Deal with IGas makes Ineos UK’s third biggest shale operator

INEOS Grangemouth petrochemical plant
Author: Raymond Okonski, licensed under the Creative Commons Attribution-Share Alike 2.0 Generic licence.

INEOS, the operator of Grangemouth refinery and chemical plant, announced today it has completed the deal with IGas, making it the UK’s third largest shale gas company.

The deal – first agreed on the 10th March – includes the acquisition of a 50 per cent interest in seven IGas shale gas licences in the North West of England (the Bowland licences).

It also consists of a 60 per cent interest in three Petroleum Exploration & Development Licences (PEDL’s 145, 193 and EXL273) and a 50 per cent interest in a further four licences (PEDL’s 147, 184, 189 and 190).

In Scotland, INEOS will acquire IGas’ entire interest in PEDL 133 (the Grangemouth licence) which will give the company 100% ownership of this asset.

In addition, INEOS has the option to acquire 20 per cent in two IGas East Midland shale gas licences (PEDL’s 012 and 200).

INEOS will assume operatorship of PEDL’s 133, 145 and 193 and EXL 273 in phases.

Gary Haywood, CEO of INEOS Upstream, said: “We are very pleased to have completed this deal and will now work to integrate these assets into the INEOS Upstream portfolio. These are first class assets that have the potential to yield significant quantities of gas in the future.”

“INEOS’s scale, asset position across the UK, US shale gas expertise, and our expertise in managing oil and gas facilities will be a great match with IGas’s existing onshore asset base, and significant exploration and production capability,” he added.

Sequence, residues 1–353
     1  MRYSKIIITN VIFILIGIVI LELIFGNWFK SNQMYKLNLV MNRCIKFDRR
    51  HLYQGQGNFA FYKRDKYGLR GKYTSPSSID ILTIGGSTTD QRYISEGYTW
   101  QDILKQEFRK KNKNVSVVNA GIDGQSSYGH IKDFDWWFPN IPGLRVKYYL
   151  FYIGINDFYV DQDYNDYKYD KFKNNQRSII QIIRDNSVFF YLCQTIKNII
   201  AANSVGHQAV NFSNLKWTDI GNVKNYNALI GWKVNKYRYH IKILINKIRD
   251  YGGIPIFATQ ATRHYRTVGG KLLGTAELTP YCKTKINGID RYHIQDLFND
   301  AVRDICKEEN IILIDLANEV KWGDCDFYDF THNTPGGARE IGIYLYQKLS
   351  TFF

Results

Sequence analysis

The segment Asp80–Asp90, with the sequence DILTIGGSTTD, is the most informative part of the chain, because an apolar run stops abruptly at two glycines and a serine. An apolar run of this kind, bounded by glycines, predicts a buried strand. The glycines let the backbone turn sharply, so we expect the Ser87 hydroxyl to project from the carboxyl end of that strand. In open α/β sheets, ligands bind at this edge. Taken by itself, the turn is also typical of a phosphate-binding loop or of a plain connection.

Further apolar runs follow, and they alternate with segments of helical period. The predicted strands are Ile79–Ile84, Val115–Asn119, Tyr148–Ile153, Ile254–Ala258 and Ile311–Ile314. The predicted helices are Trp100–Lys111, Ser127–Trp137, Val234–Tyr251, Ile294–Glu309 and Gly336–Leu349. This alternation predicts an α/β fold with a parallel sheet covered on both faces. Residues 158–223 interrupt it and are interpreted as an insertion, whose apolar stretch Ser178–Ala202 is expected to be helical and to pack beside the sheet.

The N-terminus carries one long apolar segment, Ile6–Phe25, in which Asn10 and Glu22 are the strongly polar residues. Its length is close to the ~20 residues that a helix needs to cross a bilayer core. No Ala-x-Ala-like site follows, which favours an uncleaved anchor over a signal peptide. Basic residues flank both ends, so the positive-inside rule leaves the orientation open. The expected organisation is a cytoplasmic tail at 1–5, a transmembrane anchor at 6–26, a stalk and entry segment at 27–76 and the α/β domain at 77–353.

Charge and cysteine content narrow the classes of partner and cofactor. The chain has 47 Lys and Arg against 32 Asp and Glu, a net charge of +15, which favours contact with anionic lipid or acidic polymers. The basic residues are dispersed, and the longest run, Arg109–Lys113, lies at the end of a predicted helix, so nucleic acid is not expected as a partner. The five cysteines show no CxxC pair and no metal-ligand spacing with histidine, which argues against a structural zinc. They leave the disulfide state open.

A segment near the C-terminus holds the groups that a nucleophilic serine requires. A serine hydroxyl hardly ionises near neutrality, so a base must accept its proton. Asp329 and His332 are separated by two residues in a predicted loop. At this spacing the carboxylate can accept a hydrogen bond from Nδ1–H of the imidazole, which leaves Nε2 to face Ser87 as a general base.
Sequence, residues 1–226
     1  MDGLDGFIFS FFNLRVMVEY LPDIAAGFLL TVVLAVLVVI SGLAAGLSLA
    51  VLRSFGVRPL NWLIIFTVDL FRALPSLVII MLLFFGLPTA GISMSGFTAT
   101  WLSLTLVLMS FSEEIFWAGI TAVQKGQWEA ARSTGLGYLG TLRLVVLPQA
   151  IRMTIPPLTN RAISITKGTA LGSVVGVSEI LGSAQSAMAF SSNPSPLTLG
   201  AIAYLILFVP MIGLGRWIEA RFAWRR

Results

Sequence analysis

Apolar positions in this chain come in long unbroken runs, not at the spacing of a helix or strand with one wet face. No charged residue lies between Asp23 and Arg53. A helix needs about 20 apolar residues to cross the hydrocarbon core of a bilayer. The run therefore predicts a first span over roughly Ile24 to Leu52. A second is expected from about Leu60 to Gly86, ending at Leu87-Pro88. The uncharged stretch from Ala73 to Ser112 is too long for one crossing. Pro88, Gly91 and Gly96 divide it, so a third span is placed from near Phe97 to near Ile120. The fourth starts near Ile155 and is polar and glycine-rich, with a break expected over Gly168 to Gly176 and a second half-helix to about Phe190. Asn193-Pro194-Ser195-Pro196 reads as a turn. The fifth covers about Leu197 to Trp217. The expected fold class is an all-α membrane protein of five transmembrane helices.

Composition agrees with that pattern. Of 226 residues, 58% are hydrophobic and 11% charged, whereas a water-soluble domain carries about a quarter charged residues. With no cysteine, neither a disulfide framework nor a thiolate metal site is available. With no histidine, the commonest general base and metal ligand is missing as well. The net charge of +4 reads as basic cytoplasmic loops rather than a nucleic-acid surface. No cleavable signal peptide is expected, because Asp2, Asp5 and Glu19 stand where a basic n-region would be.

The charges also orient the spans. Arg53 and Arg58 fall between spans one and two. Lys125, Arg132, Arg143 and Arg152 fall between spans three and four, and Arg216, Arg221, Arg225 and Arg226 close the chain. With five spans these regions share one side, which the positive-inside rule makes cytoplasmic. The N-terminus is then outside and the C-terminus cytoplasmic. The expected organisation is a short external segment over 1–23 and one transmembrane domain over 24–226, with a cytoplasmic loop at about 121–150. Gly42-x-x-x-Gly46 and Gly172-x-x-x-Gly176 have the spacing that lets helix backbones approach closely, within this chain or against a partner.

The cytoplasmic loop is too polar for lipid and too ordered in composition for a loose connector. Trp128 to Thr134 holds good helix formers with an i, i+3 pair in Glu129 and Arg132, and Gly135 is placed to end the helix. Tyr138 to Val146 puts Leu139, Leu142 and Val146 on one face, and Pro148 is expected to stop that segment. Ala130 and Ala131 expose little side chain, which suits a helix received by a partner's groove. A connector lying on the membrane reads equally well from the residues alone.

INEOS is paying IGas a cash sum of £30 million and additionally committing to fund a two phase work programme of up to £138 million to develop the sites. IGas will reimburse its share of the work programme to INEOS upon commencement of commercial production.

INEOS bet hard on British shale with an investment 640 million pounds announced in November and a promise of a payment of 6 per cent of its shale gas revenues to UK homeowners affected by the shale exploration. The Swiss giant is one of very few businesses that can use shale gas as both a fuel and a feedstock in its manufacturing plants. It is already spending hundreds of millions of pounds to import large quantities of shale gas from the USA to its Grangemouth facility in Scotland, a necessity as the availability of gas in the North Sea has declined.

However, the company’s Scottish shale licences are not likely to be developed any time soon, due to the currently imposed moratorium on fracking in Scotland, although the company’s decision to further invest in shale licences in the country indicates that it is upbeat about the prospects of the moratorium being lifted.

In a recent interview, INEOS director, Tom Crotty, told the BBC that his understanding is that the Scottish Government imposed the moratorium on fracking “to take a breather while we gather information”.

The deal was also good news for IGas, which was affected by the falling oil prices, resulting in the company’s shares rising almost 20 per cent in midday trading in London, although they remain nearly 80 per cent below their level in June, when there was greater optimism about the prospects of the British shale industry.

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